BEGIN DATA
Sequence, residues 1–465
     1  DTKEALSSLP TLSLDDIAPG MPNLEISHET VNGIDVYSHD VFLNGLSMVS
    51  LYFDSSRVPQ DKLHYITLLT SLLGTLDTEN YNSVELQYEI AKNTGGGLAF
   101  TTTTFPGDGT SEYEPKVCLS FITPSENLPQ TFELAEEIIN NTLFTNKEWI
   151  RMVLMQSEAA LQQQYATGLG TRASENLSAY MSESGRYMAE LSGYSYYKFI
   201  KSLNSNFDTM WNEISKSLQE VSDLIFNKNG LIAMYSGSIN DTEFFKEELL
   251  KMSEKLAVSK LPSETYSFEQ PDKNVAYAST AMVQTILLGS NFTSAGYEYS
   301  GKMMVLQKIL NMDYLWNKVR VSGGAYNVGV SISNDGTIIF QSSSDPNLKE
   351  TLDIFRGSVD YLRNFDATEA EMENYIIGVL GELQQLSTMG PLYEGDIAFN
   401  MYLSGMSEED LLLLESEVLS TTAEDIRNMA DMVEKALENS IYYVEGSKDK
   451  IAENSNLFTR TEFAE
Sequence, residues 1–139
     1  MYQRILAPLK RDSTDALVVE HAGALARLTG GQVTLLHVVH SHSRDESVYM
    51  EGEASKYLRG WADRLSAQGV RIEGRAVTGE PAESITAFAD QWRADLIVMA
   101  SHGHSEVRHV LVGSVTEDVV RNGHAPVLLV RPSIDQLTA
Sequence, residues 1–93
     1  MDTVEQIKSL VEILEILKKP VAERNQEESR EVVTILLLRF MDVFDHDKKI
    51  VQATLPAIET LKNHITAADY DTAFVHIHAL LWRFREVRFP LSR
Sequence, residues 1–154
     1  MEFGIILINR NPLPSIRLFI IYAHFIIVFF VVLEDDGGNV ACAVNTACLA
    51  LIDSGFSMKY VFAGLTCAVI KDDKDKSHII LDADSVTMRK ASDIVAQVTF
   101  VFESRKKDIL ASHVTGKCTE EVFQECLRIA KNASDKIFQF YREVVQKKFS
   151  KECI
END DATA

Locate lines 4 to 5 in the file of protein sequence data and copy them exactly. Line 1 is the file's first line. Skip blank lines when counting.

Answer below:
   101  TTTTFPGDGT SEYEPKVCLS FITPSENLPQ TFELAEEIIN NTLFTNKEWI
   151  RMVLMQSEAA LQQQYATGLG TRASENLSAY MSESGRYMAE LSGYSYYKFI